Lord Udny-Lister Portrait Lord Udny-Lister (Con)
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My Lords, although some would still care to deny it, it is a fact that no single electoral option has received more votes in UK history than that to leave the European Union. Indeed, the majority of the 17.4 million voters who turned out on that historic day to cast their votes to leave the EU did so on the simple premise that we in this place would take back control of our laws and untangle the UK from nearly 50 years of top-down EU bureaucracy. Today, through Second Reading of this Bill, the Government have shown that they will live up to the mandate and, in so doing, they have my full support.

Throughout my participation in other Brexit-related debates and listening to some of the contributions made by noble Lords, I have been rather confounded, as regretfully there appears to be an assumption by some that the only origin of standards and protections is the European Union and the European Union alone. I put it to your Lordships’ House that this view is complete baloney. It neglects the fact that for centuries this island nation has been the global benchmark and upholder of high standards, robust regulations and the origins of many legal and financial mechanisms which ensure fairness, competitiveness and probity in our global systems to this day.

Perhaps, in his summary, the Minister might reassure the House of this and of the fact that this country has a proud track record of creating sound regulation where required and, in some cases, more robust standards than even those of the EU. It would also be helpful if the Minister could confirm that the Civil Service in the UK is well up to the job and more than capable of writing regulations, because there has been a suggestion today that it is not capable of delivering that in the time available, which seems rather strange from so many people here.

I support this Bill, as it presents government with an unparalleled opportunity to cut red tape where it is not needed and allow our businesses the freedom to get on with innovation and transformation. With SMEs accounting for around 60% of UK employment, the more freedom we give them, the better and the stronger our economy will be in the long term. I hope that Ministers will seize this opportunity and remove as many of these regulations as possible.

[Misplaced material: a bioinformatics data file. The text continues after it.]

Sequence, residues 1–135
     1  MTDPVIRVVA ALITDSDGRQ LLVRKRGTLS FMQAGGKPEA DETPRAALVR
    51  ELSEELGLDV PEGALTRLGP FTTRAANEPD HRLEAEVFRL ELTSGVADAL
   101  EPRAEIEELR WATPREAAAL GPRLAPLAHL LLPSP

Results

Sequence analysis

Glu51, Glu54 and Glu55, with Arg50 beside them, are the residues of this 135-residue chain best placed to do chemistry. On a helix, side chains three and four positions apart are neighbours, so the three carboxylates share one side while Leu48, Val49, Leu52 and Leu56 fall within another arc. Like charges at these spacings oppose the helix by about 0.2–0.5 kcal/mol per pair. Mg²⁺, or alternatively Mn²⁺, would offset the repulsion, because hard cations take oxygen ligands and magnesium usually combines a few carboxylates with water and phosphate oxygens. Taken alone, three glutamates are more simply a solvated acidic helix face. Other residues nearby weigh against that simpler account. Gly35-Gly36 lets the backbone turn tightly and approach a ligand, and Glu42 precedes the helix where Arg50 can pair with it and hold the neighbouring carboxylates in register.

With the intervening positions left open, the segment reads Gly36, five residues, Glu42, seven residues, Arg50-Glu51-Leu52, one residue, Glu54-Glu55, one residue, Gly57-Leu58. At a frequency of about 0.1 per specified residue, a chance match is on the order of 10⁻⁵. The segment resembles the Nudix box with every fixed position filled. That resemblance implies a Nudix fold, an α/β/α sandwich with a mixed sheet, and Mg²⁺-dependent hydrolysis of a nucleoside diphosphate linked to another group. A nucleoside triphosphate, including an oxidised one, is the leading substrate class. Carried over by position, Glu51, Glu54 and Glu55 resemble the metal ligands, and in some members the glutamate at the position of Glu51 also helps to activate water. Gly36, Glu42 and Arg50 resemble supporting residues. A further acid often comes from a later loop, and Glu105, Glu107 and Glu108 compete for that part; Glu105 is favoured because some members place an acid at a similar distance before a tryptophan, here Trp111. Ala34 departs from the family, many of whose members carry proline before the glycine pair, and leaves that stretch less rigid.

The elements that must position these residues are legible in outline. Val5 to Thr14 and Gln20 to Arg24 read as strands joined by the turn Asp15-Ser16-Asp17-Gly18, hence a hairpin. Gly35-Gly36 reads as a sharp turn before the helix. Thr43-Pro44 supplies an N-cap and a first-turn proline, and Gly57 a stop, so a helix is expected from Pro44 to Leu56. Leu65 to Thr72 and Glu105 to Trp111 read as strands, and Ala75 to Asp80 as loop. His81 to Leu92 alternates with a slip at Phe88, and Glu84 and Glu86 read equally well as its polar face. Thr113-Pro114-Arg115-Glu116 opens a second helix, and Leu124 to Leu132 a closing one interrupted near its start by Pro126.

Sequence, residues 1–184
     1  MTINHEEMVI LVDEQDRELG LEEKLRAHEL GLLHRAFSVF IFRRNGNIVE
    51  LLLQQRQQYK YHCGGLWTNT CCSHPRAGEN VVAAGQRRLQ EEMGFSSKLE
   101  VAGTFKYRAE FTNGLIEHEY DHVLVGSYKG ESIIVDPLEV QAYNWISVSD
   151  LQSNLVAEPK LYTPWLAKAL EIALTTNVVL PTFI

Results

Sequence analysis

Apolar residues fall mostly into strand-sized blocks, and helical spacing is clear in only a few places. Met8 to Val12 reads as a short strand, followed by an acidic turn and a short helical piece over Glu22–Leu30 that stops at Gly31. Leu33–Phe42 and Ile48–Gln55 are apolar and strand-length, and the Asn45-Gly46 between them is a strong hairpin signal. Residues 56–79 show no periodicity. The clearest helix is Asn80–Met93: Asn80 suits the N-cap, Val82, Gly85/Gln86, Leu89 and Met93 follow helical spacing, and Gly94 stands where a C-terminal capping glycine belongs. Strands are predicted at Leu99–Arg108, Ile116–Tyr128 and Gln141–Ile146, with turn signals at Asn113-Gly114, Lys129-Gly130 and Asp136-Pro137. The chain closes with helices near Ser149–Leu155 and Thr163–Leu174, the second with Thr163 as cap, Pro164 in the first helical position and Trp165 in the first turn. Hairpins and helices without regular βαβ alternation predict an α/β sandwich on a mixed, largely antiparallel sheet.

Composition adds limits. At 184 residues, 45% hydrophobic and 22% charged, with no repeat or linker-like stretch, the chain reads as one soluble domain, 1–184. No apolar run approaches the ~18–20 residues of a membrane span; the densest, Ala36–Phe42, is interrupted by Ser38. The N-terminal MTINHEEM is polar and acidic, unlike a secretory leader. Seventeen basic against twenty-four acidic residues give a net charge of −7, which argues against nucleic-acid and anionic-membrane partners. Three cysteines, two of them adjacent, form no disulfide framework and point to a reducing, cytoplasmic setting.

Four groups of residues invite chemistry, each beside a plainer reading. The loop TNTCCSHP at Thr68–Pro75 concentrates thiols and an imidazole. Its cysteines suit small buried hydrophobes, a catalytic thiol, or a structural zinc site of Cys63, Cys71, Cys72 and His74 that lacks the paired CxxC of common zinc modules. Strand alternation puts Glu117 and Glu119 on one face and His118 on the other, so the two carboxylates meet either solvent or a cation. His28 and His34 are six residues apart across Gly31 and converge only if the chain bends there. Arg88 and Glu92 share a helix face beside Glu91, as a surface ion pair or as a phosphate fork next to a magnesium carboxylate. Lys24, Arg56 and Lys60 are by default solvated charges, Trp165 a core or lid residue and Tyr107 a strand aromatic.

The constitutional significance of this Bill cannot be downplayed, for through the ending of the special status of retained EU law, we are returning sovereignty to this Parliament and restoring the primacy to Acts of Parliament. Most importantly, we are putting the British back in control of the laws of the land and for that reason the Bill has my support.

Trade with the European Union

Lord Udny-Lister Excerpts
Monday 21st March 2022

(2 years, 3 months ago)

Lords Chamber
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Lord Grimstone of Boscobel Portrait Lord Grimstone of Boscobel (Con)
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My Lords, one of the reasons the Government have launched the export support service is to support UK businesses—it turns out that is primarily SMEs—with one-to-one advice on exporting to Europe. They can find all this information in one place. It is working well. There is a good volume of inquiries coming through, but I agree with the noble Lord that we have to do all we can to help SMEs in this important area.

Lord Udny-Lister Portrait Lord Udny-Lister (Con)
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My Lords, will the Minister please reassure the House that he is going to take into account Brexit freedoms as part of his negotiations and ensure that we maximise the opportunities in this country?

CPTPP (International Agreements Committee Report)

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Tuesday 1st February 2022

(2 years, 4 months ago)

Grand Committee
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Lord Udny-Lister Portrait Lord Udny-Lister (Con)
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My Lords, it is a pleasure to be a new member of the International Agreements Committee, and I start by thanking our chair, the noble Baroness, Lady Hayter, and the other noble Lords for their warm welcome and introduction to the committee’s important work. I also draw your Lordships’ attention to my declaration in the register of interests as an advisor to HSBC bank.

Since joining the committee, I have had the opportunity with interest to familiarise myself with both the previous Sessions, the 10th report of this Session and, of course, the Government’s recent response to that report. Like many today, I welcome the Government’s commitment and action in ensuring that our accession to the CPTPP is both smooth and beneficial for all concerned. It will send a powerful message that the United Kingdom stands ready to champion free trade and fight the protectionism that has held back this country for far too long.

I turn to the impact of rules of origin on UK manufacturers. The Government are right to highlight the many benefits that the CPTPP rules of origin may provide to UK manufacturers in the long term. However, I fear that some industries may suffer unless the Government take bolder action to secure more generous local content thresholds. I would be grateful if the Minister could provide the Committee with an update on what work, if any, is being done to mitigate the concerns of the industry itself.